Funders’ focus on value for money and measurable results is understandable – but there’s a danger longer-term problems will be overlooked, reports Rick Pearson
In these chastened times, everyone is looking for value for money. Funders are no different; they want to see as much benefit out of their grants or donations as possible.
This might sound fair enough – and it is – but measuring ‘value for money’ isn’t an exact science. For instance, what is the value attached to one life saved now with a ‘handout’ of aid compared with millions of lives saved over the years through finding a vaccine?
In 2014, most funders are taking it to mean projects where they’ll be able to see clear and measurable results, preferably within a relatively short timeframe (one to three years).
“People want to get the best value for money and the only way of measuring that is through having comparable things,” says Dorte Pommerening, founder of dpevaluation, a specialist evaluation consultancy.
“This can often lead to delivering something that isn’t necessarily very meaningful – a short-term solution to a long-term problem.
“Such results are then, almost by definition, not sustainable. In the process, a certain problem might even get perpetuated and dependencies created.”
Mary Carruthers, programme manager at Sussex Community Foundation, believes the increase in demand for charitable services has led to funding that’s reactive rather than proactive.
“More and more people are doing crisis funding rather than preventative funding,” she says. “For example, donating money to homeless charities to keep their shelters open, rather than looking at how you keep people off the streets in the long term. It’s completely understandable, of course, but the root causes are being overlooked.”
In an environment in which more and more charities are scrabbling for vital funds, there’s a danger of becoming funder-led. For example, if a philanthropist has a big pot of money and must decide how to spend it, small charities may be tempted to tailor their mission to make it fit with the funder’s desires. By doing so, they’re changing from being mission-led to funder-led.
“I think there’s a trend in charities becoming more and more directed by the people giving them the funds,” says Mary. “So instead of primarily addressing need, they’re addressing the motivations of the funder. That’s not necessarily a bad thing but, in our opinion, charities are better placed than donors when it comes to understanding the needs of a community.”
While the majority of funders are focusing on projects, Julia Grant, portfolio director at Impetus-PEF, believes what charities really need is core funding
“At the moment, a lot of funders are interested only in projects,” she says. “That’s fine, but it’s also in opposition to what the majority of charities and social enterprise need: long-term funding of their core purpose.”
Julia notes that Impetus was one of the leaders in recognising that core funding was important to the long-term sustainability of charities, and developing an impact-driven model that funds the charity’s core. However, she believes that not enough funders are following suit.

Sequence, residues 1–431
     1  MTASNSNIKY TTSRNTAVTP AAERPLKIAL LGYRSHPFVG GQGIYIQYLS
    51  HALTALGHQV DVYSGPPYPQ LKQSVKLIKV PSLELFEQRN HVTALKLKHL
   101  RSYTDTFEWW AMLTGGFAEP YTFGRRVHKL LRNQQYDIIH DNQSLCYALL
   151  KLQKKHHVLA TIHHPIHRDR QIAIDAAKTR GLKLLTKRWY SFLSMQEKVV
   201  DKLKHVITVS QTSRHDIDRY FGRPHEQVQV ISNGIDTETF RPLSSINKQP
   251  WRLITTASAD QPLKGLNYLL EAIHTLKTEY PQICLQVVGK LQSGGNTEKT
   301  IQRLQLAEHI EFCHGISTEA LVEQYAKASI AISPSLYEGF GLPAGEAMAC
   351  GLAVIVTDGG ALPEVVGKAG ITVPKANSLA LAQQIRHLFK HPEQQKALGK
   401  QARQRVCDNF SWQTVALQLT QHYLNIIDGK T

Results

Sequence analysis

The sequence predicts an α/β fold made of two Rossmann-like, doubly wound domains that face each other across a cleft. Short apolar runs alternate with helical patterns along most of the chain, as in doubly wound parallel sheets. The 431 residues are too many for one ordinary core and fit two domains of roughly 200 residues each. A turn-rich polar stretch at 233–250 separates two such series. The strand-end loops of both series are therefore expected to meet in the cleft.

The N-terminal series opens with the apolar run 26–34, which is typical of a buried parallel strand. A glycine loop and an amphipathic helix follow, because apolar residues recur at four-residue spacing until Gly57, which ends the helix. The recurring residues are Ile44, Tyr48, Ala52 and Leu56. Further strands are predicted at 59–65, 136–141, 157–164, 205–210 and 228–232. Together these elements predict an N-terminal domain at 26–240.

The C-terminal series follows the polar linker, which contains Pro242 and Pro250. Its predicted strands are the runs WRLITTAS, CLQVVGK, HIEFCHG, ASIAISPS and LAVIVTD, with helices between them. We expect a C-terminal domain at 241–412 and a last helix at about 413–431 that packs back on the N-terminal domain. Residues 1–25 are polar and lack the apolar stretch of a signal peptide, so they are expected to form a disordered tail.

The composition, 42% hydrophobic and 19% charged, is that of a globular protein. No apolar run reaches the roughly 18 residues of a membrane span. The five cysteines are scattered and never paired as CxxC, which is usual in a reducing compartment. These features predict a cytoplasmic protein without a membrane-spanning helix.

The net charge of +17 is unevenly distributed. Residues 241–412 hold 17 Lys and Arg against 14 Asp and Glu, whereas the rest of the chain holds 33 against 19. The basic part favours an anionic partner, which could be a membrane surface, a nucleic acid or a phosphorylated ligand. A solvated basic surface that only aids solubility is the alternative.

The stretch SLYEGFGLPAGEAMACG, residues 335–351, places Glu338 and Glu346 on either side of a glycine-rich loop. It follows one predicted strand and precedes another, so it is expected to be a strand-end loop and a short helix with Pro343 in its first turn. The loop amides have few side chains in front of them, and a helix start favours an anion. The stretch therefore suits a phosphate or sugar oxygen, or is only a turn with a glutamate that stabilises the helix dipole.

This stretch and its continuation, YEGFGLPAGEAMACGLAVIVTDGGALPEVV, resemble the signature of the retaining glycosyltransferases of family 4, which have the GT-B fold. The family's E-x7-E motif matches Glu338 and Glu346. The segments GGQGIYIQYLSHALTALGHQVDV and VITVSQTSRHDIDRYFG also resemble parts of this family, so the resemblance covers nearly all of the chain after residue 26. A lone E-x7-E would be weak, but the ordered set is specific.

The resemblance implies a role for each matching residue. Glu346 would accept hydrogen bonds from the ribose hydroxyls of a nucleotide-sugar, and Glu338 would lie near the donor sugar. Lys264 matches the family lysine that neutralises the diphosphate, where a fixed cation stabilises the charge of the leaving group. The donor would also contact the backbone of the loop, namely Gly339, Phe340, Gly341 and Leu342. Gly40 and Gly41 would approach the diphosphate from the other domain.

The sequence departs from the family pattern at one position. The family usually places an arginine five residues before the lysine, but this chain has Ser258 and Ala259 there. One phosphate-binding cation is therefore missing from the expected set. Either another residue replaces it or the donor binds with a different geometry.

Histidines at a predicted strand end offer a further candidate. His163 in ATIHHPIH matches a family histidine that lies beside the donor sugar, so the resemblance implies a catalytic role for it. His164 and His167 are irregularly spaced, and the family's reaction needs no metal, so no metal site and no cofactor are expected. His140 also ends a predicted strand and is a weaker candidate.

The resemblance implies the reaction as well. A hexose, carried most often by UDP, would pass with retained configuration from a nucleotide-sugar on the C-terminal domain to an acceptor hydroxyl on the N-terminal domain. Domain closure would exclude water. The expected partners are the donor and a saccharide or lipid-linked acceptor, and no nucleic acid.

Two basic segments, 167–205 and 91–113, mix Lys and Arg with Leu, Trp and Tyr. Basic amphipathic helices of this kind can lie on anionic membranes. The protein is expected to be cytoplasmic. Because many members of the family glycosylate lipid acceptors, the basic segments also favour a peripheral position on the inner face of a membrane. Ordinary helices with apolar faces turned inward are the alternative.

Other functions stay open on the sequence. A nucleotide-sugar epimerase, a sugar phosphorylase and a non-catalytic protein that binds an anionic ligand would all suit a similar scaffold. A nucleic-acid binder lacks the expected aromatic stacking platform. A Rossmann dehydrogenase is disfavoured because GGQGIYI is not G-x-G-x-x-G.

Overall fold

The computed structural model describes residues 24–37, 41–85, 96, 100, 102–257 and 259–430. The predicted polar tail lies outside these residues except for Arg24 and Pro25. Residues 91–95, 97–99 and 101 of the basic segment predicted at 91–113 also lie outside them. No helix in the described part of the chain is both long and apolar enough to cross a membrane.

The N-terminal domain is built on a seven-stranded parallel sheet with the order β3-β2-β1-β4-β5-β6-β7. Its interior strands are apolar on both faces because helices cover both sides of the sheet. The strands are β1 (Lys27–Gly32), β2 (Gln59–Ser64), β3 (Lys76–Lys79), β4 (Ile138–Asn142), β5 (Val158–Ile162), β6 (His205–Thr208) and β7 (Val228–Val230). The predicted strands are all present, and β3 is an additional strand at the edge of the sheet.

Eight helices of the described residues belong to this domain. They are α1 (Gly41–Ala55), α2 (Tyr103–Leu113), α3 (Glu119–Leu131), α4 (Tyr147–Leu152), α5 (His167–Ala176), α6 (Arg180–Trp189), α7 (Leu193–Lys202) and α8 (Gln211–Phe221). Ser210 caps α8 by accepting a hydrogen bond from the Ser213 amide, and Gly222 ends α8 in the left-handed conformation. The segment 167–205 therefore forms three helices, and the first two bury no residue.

“It’s great to see organisations like Big Venture Challenge providing more holistic support to small- and medium-sized social enterprises, but we need to see more of this. We want to see more willingness to fund core needs, but with a backbone of a pretty prescriptive business plan and milestone that will hold the charity accountable.”
Without a shift to more core funding, Julia believes the future looks challenging for charities. “Unless we succeed in what we try to do, and unless more funders follow suit, lots of charities may struggle. I do think we’re on a burning platform; people must change the way they fund, and start to take a longer-term view.
It’s not all the fault of funders, of course. Charities can do a number of things to make their cases for funding more compelling.
“They must become better at articulating what they do at their core, and demonstrating how it has an impact,” says Julia. “Charities also need to take impact, outcomes and performance management more seriously. Firstly, to attract funding from people like us; secondly, to embrace opportunities around social investment and payment-by-result models.”
Dorte believes that charities have two options when it comes to securing funding: they can either go after funding that produces immediate and countable results or make a compelling case for a different approach.
Those favouring the latter option can help their cause by presenting a ‘theory of change’. A theory of change starts with measurable change outcomes and looks at what conditions have to be in place for those changes to be realised.
“It’s a significant piece of work,” says Dorte, “but it can help a charity or social enterprise to look in a pretty rigorous way at how effective it is in producing those outcomes.
“Exciting new approaches, which are risk but have higher potential if they work have less chance of attracting funding unless they can present a good case, including a theory of change and a credible strategy.”
Rick Pearson is a writer for The Fundraiser
Funding outlook for 2014
Value for money
In tough economic conditions, lots of funders are looking for value for money
Often this means concentrating on projects that will yield clear, measurable results in a short timeframe
Reactive, not proactive
Crisis funding is taking precedence over preventative funding – it’s understandable, but the root causes are being overlooked
With a scarcity of money, there’s a danger that charities will become funder-led – tailoring their help to the wishes of the funder
Some funders, such as Impetus, are bucking the trend by giving charities what they really need: long-term funding of their core purpose
To improve their chances of funding, charities must better articulate what they do – preferably by using a ‘theory of change’